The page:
MANILA - President Rodrigo Duterte's plan to expand consumption taxes is not anti-poor, the Department of Finance said Tuesday.
The poor will continue to receive subsidies while senior citizens will still enjoy value added tax exemptions on raw food, medicine and education, said undersecretary and chief economist Karl Kendrick Chua.
Duterte's tax reform plan calls for the lifting of VAT exemptions and imposing new levies on petroleum and sugary drinks while lowering personal income taxes for middle-income earners to 25 percent from 32 percent. Tax rates for the ultra-rich or those who earn more than P5 million annually will be raised to 35 percent.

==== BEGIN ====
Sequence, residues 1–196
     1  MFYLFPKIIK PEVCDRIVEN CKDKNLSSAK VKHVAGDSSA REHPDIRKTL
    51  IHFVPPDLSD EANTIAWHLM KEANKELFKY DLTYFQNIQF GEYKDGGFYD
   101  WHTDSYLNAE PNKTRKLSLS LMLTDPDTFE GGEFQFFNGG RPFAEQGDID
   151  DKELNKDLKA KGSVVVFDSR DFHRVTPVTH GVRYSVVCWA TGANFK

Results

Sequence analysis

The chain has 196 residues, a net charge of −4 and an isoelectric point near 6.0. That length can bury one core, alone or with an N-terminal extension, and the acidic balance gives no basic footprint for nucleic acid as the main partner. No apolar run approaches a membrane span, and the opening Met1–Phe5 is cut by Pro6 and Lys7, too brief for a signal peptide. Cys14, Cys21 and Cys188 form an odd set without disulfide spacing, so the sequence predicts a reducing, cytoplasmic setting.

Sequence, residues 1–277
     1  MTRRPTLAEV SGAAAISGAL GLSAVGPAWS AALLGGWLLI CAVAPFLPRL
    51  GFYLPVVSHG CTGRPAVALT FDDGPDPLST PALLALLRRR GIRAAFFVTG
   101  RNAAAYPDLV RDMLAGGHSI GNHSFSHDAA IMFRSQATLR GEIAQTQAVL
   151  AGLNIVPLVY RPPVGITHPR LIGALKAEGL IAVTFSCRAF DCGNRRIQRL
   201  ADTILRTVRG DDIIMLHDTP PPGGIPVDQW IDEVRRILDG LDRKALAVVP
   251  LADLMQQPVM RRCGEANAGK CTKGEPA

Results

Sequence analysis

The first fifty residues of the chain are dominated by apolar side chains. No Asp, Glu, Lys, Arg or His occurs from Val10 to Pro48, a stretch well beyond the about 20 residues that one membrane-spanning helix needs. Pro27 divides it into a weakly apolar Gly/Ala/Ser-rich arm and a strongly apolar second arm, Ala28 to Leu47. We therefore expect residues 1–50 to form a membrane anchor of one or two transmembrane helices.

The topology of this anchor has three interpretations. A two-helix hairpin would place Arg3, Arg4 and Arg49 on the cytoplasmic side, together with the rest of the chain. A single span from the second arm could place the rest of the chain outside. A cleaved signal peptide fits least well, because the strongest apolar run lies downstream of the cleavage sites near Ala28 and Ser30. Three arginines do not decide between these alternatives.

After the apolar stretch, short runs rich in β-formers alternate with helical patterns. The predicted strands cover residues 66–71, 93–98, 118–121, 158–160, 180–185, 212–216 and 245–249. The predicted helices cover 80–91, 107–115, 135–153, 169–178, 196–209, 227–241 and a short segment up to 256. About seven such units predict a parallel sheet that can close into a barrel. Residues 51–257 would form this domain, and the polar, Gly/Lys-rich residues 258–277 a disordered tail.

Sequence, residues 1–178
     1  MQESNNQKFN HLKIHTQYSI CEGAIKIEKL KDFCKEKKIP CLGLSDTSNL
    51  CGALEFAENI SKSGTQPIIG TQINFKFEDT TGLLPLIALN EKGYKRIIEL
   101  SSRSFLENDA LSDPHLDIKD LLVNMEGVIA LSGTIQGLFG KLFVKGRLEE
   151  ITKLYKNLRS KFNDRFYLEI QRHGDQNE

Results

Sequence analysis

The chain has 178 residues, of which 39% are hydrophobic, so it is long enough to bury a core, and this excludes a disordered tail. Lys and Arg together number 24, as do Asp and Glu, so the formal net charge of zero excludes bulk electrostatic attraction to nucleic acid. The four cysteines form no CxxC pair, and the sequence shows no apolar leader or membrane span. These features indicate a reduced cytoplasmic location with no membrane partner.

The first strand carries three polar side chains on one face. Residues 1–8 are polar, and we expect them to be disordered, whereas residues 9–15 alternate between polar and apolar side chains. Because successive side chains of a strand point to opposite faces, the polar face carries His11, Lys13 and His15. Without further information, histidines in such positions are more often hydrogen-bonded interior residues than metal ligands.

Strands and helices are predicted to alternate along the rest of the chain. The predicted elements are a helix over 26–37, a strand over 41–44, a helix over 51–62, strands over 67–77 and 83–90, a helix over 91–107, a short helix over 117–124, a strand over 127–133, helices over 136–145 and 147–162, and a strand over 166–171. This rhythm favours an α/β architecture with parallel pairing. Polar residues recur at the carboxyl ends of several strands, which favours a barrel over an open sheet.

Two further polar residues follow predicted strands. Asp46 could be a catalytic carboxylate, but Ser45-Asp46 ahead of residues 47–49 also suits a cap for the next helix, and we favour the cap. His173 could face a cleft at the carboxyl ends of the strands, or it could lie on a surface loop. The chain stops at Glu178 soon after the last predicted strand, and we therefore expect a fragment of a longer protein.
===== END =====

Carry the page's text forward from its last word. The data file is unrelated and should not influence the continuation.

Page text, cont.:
"Rather than being anti-poor, the tax reform plan will actually correct the injustice of only a few enjoying the benefits of growth," Chua said in a statement.
"Our primary goal here is to give everyone a better chance of building a more stable future by equalizing opportunities for all through the adoption of a simpler, fairer and more efficient tax system," he said.
Duterte promised to lower income taxes during the campaign and reiterated this during his first State of the Nation Address in July.
The current 32-percent income tax is the highest in Southeast Asia and has been seen as a turnoff for investors.